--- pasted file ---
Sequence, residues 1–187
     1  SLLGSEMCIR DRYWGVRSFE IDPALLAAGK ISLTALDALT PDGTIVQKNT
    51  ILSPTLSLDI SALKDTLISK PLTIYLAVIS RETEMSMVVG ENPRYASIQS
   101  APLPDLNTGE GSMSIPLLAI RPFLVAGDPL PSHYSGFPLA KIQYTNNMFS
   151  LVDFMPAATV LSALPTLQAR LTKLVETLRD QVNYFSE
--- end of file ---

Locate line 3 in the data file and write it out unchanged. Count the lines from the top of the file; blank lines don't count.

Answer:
    51  ILSPTLSLDI SALKDTLISK PLTIYLAVIS RETEMSMVVG ENPRYASIQS